Eurozone house price inflation hit a record high in Q3 2021, with upward momentum picking up during the COVID-19 pa… https://t.co/zavOP0Pumn
Banking risk monthly outlook: Regional risks in 2022
Building on our top themes to watch in global banking for 2022, we explore the key issues, trends, and developments that are likely to change the risk outlooks for banks at a regional level.
- New COVID-19 variants will potentially derail asset-quality improvement in economies heavily reliant on the tourism sector in Emerging Asia
- Tighter macroprudential measures and credit policy could occur in Emerging Europe
- Political changes and elections will likely affect foreign exchange volatility and the structure of banking sectors in Latin America
- A restart of state-owned bank privatization drives could occur in North Africa banking sectors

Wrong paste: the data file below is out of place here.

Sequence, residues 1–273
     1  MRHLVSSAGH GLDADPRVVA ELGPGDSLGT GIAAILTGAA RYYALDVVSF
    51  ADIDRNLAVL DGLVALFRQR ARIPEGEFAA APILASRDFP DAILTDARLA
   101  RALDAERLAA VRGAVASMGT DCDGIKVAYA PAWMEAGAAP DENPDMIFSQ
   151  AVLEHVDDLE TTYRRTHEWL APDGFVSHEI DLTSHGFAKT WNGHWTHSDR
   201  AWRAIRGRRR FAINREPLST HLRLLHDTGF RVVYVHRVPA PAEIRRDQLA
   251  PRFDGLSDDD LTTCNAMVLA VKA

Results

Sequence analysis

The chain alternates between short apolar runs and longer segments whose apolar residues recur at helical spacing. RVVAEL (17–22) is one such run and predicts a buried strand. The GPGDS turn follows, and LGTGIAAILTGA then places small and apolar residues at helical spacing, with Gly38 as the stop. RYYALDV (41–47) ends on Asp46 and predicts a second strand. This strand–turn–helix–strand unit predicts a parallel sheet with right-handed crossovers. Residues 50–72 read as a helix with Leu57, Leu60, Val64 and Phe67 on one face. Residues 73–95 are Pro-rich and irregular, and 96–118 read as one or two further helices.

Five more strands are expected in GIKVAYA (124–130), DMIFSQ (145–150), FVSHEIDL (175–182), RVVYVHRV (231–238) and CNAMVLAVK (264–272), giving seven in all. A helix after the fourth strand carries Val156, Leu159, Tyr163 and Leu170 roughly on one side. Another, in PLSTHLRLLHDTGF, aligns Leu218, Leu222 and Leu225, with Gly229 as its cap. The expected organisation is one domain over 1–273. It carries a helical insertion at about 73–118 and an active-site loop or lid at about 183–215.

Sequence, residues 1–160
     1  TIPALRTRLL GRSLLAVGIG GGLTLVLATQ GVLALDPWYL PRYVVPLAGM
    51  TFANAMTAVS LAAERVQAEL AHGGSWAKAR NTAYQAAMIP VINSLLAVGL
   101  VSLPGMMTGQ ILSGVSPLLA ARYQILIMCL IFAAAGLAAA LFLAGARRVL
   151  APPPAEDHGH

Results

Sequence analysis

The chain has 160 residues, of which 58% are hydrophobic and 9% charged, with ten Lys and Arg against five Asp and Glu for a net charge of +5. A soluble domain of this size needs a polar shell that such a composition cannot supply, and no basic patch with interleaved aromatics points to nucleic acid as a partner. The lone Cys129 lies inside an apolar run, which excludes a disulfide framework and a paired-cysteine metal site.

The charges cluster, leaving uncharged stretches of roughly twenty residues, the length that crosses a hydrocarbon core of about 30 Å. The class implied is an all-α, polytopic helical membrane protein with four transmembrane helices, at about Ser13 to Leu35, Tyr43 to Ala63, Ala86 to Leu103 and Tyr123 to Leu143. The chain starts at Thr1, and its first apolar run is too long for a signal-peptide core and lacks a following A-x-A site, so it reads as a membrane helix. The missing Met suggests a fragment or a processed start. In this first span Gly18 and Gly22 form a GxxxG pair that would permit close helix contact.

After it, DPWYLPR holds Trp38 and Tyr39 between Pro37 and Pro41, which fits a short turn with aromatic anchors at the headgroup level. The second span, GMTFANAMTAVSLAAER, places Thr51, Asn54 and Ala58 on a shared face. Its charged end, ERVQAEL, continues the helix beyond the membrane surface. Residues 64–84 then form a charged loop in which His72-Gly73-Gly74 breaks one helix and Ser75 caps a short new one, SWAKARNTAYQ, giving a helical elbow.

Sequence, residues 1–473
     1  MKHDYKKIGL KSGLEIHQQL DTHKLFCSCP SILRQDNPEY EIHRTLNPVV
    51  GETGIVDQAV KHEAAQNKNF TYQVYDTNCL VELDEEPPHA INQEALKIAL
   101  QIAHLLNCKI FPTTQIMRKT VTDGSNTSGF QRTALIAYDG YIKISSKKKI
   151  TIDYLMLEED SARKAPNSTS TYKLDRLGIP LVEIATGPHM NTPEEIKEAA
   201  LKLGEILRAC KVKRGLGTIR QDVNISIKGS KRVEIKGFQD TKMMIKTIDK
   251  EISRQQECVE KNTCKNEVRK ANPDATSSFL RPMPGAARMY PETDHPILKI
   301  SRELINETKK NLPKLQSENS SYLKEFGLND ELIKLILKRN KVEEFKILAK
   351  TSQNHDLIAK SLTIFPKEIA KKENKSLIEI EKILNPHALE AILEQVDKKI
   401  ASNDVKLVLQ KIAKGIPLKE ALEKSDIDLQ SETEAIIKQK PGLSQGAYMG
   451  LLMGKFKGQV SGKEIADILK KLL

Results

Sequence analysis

- Increased holdings of government securities could translate to increased exposure on sovereign risks for banks in Sub-Saharan Africa
For 2022, risks and uncertainty remain heightened, leaving banks and banking sector regulators in a "wait-and-see" position. The sizeable support measures introduced early in the pandemic are largely being phased out or have already been removed, many in the latter half of 2021. Against a background of tightening global monetary policy, high inflation, expected slowdown in the macroeconomic recovery, and new COVID-19-related uncertainties, 2022 will test how successful these measures truly were - if they prevented businesses from failing or just delayed recognition of new NPLs.
New COVID-19 variants will potentially derail asset-quality improvement in economies heavily reliant on the tourism sector.